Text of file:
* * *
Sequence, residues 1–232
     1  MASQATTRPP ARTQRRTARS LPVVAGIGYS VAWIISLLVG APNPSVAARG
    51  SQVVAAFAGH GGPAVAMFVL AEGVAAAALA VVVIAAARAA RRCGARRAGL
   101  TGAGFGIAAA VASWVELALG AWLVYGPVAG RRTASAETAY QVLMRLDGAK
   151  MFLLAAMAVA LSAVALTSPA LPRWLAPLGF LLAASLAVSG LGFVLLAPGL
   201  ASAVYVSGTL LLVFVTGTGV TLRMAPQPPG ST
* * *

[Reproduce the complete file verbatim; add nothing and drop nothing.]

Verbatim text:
Sequence, residues 1–232
     1  MASQATTRPP ARTQRRTARS LPVVAGIGYS VAWIISLLVG APNPSVAARG
    51  SQVVAAFAGH GGPAVAMFVL AEGVAAAALA VVVIAAARAA RRCGARRAGL
   101  TGAGFGIAAA VASWVELALG AWLVYGPVAG RRTASAETAY QVLMRLDGAK
   151  MFLLAAMAVA LSAVALTSPA LPRWLAPLGF LLAASLAVSG LGFVLLAPGL
   201  ASAVYVSGTL LLVFVTGTGV TLRMAPQPPG ST